Steve Evans, MD of Freshtime, says you can learn a lot from what people like in their salads today.
UK business Freshtime, which supplies chilled, ready to eat salads, snacks, prepared vegetables and sandwich fillers to retailers, began life more than 20 years ago as the East Lincolnshire Farmers Cooperative selling vegetables direct to retailers.
One of the keys to the company’s original success was that farmers realised there was money to be made out of making use of all vegetables and not just the unblemished, perfectly shaped ones that supermarkets wanted to put on their shelves.
As Managing director Steve Evans says, the idea was that “nothing went to waste” and the farmers soon realised that in a convenience-driven industry there was a market for the whole product. “Freshtime went from being a farmer-led business to a consumer-led business built around the convenience trends that were emerging at the time. The business started working with multiple retailers at precisely the time that consumers were developing ever busier ‘on the go’ lifestyles.”
Evans says the vegetable market remains core to this day but the make-up of the business has completely changed. “We have gone from 100% of the business selling fresh produce to about 40% today as the trend for food-to-go salads becomes increasingly popular.”
The company continues to source many of its products from the Lincolnshire farmers who set up the cooperative, but at certain times of the year does have to import products which cannot grow in the UK winter.
Evans says his business has to be “right on trend” to react to fast-changing consumer habits. “The challenge is that you have to constantly innovate to keep the consumer interested in what is an increasingly competitive market. If you take salads there are more and more choices on the high street, not just in terms of the food itself but in terms of the different outlets from where you can buy the product. Salads aren’t just sold in supermarkets anymore.”
He says the defining trend is that consumers are now far more health-conscious. “They are not necessarily dieting, instead it is often more about being careful about what they eat, and vegetables and salads play a major part in that. For instance there has been a notable move towards ‘meat-free’ in recent times, epitomised by the Veganuary campaign which encourages people to try vegan just for the month of January. We saw a notable spike in demand.”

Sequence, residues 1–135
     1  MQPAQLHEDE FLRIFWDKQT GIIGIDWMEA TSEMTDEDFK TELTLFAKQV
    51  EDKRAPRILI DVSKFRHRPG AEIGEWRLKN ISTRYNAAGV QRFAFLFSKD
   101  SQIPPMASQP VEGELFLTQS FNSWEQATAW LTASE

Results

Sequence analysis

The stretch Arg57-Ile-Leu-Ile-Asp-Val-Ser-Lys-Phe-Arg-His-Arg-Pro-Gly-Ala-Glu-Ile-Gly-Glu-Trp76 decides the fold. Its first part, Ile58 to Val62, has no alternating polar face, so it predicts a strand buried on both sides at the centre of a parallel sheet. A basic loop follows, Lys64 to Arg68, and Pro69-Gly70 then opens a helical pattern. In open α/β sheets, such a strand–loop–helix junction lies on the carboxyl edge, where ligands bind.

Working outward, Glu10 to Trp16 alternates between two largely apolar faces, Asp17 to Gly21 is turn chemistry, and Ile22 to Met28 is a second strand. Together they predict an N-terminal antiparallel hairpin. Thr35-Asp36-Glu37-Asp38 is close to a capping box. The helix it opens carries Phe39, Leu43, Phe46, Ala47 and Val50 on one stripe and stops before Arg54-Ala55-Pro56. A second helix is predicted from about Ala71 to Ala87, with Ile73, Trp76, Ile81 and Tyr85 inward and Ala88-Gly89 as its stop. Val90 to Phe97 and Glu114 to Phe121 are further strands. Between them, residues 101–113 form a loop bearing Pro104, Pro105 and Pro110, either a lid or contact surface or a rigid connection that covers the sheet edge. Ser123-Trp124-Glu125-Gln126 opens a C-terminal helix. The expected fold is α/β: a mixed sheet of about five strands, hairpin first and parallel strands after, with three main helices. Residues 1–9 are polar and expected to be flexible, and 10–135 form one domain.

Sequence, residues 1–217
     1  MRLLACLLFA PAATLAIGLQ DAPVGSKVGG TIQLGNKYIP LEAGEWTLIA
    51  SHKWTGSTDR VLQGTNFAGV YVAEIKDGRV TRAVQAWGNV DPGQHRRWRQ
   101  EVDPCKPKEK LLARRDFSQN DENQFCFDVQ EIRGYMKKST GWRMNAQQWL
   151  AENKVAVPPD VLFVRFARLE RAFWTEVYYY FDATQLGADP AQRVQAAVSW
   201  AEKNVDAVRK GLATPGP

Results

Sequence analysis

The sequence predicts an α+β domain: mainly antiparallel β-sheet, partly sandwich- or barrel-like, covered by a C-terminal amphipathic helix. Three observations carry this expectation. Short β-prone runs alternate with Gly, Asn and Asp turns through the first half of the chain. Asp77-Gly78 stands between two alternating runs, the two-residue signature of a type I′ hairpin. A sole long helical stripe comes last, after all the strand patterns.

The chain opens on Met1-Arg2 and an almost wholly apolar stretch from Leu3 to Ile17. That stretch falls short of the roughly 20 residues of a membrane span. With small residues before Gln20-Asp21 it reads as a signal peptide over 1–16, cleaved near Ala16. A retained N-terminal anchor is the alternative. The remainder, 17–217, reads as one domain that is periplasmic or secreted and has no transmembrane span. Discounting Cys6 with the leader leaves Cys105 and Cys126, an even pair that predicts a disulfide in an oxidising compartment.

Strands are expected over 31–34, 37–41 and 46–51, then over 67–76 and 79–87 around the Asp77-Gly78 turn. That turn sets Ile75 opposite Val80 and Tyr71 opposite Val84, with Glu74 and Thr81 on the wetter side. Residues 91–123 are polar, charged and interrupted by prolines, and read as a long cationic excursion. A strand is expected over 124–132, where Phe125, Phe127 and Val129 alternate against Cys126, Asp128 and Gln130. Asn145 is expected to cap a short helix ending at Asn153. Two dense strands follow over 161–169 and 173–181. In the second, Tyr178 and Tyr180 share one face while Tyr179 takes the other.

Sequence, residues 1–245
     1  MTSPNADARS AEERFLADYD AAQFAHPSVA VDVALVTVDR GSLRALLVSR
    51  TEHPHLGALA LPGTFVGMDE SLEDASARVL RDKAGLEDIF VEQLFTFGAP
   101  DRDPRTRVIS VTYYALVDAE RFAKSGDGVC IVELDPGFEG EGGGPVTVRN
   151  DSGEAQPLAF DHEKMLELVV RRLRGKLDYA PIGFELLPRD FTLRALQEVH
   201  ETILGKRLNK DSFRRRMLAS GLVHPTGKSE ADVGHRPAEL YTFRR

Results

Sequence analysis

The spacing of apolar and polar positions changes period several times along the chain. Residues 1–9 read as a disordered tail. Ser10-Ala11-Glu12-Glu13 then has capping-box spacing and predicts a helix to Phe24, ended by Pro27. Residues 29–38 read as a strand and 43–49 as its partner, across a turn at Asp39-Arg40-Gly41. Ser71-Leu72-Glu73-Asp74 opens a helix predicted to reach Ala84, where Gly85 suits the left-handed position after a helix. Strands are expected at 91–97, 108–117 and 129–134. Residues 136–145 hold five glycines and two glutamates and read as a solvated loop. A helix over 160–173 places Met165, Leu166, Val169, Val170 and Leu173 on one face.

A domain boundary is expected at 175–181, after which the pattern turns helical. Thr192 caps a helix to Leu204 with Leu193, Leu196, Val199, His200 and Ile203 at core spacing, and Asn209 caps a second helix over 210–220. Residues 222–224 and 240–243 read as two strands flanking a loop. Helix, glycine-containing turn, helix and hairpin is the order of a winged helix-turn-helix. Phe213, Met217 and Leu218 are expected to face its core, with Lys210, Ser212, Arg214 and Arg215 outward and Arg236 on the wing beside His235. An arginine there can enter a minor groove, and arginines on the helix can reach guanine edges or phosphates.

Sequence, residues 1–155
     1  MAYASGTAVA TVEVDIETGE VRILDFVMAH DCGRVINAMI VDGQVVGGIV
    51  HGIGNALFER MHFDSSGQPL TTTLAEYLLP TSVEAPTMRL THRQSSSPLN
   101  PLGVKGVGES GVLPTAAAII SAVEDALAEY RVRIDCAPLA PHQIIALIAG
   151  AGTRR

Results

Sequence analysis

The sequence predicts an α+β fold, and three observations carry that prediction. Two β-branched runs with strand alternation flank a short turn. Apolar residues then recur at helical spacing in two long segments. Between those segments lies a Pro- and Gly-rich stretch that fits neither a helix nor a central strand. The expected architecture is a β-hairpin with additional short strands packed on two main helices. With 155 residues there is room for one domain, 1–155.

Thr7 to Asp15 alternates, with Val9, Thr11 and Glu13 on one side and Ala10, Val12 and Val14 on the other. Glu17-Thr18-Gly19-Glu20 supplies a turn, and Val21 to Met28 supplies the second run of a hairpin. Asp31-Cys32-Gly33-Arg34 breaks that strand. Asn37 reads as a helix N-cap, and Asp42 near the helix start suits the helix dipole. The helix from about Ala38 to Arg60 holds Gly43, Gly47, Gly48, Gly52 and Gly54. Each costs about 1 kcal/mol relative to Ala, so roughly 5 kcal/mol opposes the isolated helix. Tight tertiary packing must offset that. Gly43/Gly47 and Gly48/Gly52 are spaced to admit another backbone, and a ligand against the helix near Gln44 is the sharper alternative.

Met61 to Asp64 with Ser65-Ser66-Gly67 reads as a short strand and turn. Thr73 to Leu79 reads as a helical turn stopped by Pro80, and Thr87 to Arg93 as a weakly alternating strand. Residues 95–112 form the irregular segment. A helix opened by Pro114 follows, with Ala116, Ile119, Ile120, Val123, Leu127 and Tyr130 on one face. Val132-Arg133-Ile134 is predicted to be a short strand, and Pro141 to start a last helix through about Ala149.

Another trend is flexitarianism or ‘casual vegetarianism’, an increasingly popular plant-based diet that’s mostly vegetarian yet still allows for the occasional meat dish. “This is something we are seeing a lot of, people happy to move between vegetarian and meals containing meat. I read a recent survey that 30% of evening meals now contained no meat or fish which is actually a very striking statistic. More and more people are mixing vegetarian and meat meals, it’s no longer an either/or. Demand for meat is still strong and the best-selling salads still contain chicken and prawns, but consumers are increasingly looking for protein-replacement products such as lentils, chickpeas and kidney beans in their salads.”
Freshtime supplies to retailers ranging from high street chains to convenience stores to foodservice groups, many of whom package the product as own brand. Evans says the company’s point of difference is the huge range of capability it has at its Lincolnshire factory from which it sells around 60 million units a year.
“The business has been through significant growth over the last three or four years and last year we invested in increasing capacity at our factory. In terms of possibly expanding the site further we are currently reviewing our options.”
Evans says keeping a mix of products is central to his strategy. “We are never going to supply to huge numbers of retailers with just one specific product, that is not our model. We are always looking out for further channels of expansion.”
He says one of the key innovations that Freshtime has made is to employ its own chefs who spend time not just in the UK but also abroad looking at latest trends. “We also invest a lot in consumer insight and research while we also do our own market research, regularly talking to shoppers. It’s important to invest in understanding these food trends and what consumers are looking for.”
Innovation also extends to packaging. “As a business we have been really proactive in terms of reducing plastics in packaging, taking more than 10% out of the business in the last two years alone. We have also been moving towards making all of our packaging recyclable and today more than 80% of the plastics we use are recyclable. As a society we will probably never fully remove plastics but we can certainly cut it down significantly.”